Trading Plan Bonus Ingredients

Now that I’ve covered the seven key ingredients to a winning trading plan, there are some other things that you might want to include as well.

For example, evaluation metrics.

How do you going to measure and improve the performance of your trades, as well as trading psychology rules that you can implement to prevent you from making cognitive biases or mistakes in your trading.

So remember that the key purpose of having a solid trading plan is to separate the execution phase from the planning phase.

Ideally, the moment the market opens, you are focused on executing your trading plan and you no longer have to strategize because if you are trying to do both at the same time, it is going to be really difficult to concentrate.

Therefore, that is the idea of a trading plan.

Now that I have shared the key ingredients in my planning plan,

What are some of the things that are missing from your trading plan or things that you think can be improved on?

Do let me know in the comments below.

One of the simple yet powerful techniques I use to allow me to quickly identify trading opportunities with minimal time and effort (typically 15 minutes a day), is to use this Excel table which combines price action with multiple timeframes.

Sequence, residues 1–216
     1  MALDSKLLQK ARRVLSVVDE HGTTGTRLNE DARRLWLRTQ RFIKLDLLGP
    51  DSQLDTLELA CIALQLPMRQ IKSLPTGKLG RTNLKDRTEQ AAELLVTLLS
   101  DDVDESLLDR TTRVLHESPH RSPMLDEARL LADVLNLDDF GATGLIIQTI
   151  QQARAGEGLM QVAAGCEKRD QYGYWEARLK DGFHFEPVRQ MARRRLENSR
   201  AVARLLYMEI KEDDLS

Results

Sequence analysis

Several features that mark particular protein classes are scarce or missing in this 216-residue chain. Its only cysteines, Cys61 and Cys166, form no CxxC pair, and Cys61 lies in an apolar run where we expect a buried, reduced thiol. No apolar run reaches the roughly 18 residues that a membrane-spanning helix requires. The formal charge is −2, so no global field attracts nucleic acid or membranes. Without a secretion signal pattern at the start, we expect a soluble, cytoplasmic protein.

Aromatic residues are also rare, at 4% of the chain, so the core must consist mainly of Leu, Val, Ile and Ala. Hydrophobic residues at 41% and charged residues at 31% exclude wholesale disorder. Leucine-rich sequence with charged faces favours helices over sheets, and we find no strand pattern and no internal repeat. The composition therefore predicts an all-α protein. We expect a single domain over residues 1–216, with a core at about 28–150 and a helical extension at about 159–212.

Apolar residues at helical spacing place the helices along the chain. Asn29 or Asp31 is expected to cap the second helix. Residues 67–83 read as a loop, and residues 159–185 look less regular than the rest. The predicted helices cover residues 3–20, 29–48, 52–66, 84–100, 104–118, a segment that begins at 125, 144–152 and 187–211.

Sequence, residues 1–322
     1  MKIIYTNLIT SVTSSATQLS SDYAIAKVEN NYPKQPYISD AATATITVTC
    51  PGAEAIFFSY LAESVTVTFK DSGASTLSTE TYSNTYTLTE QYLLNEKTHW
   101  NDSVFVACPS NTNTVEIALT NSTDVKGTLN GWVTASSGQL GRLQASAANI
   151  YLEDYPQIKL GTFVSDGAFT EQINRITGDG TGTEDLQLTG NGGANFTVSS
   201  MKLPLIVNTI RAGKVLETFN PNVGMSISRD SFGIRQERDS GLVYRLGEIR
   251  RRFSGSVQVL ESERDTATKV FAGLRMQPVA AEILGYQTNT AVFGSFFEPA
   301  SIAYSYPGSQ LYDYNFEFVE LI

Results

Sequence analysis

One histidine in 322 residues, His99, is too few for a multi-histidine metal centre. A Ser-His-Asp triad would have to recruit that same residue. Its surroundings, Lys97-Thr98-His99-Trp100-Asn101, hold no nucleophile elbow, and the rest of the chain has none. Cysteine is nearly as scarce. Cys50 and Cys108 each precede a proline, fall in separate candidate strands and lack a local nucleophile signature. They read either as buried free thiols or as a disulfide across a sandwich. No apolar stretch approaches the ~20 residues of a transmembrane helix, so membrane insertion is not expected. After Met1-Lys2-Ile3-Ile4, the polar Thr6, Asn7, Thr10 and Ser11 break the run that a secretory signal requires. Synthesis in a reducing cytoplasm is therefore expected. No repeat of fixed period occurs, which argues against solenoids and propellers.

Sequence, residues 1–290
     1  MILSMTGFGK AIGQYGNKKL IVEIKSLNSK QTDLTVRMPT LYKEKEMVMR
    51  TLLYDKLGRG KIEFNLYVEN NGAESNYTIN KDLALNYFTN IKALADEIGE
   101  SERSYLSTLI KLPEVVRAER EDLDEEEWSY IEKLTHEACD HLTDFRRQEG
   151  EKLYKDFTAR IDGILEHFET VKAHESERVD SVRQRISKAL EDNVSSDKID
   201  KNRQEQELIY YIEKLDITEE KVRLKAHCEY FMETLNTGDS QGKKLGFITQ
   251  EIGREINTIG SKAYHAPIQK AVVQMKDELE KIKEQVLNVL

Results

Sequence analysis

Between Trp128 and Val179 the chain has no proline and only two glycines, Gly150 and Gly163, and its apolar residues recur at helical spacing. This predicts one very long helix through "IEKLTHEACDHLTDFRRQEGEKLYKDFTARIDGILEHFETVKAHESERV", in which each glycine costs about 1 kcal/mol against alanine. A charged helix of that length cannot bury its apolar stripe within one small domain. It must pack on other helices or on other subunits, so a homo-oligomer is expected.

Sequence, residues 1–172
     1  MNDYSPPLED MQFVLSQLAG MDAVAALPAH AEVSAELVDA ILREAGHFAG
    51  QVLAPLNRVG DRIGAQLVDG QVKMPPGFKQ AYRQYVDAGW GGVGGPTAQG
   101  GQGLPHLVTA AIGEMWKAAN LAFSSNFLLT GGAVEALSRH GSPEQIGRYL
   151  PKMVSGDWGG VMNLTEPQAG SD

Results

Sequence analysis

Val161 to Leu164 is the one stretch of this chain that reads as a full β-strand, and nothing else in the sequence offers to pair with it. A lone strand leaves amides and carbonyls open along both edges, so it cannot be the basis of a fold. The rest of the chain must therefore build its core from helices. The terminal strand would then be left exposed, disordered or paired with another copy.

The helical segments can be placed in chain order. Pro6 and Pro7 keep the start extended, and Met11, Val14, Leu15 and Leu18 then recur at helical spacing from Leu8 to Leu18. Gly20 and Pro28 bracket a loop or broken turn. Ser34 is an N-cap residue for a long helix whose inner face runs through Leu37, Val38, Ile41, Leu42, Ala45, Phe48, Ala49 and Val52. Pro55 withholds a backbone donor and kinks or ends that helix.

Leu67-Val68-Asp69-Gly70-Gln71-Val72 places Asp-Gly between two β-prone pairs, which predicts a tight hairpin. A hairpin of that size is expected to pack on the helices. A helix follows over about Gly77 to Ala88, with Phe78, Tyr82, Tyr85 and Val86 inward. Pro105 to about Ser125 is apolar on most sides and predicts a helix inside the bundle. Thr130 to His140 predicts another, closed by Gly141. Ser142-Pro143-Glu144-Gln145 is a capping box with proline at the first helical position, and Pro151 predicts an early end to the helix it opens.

To create this table, I observe the daily and weekly charts of various products (forex, stocks, cryptocurrencies, commodities, etc), and list down whether I think it is bullish or bearish on each timeframe. For the weekly chart, I only need to update it once a week, and for the daily chart, this takes me a few minutes a day.

Here are some chart examples:

This is the daily chart of the EUR/USD, and you can see that it just completed a pullback and is looking bullish. So under EUR, I mark it as bullish. For most products, I always benchmark them against the USD for easy comparison.

 

This is the weekly chart of the EUR/USD, and you can see that it is also very bullish, and rebounding off a large trendline. With the alignment of both the daily and weekly trends, this make the EUR/USD a very good long trade to be in. And since the GBP is also weak, going long on the EUR/GBP is also a good idea.

 

For the S&P 500, the long-term trend is bullish, but the short-term trend is bearish. In such a scenario, we will pass and wait for more price action. The goal is to take the best trades, not take as many trades as possible. Quality over quantity.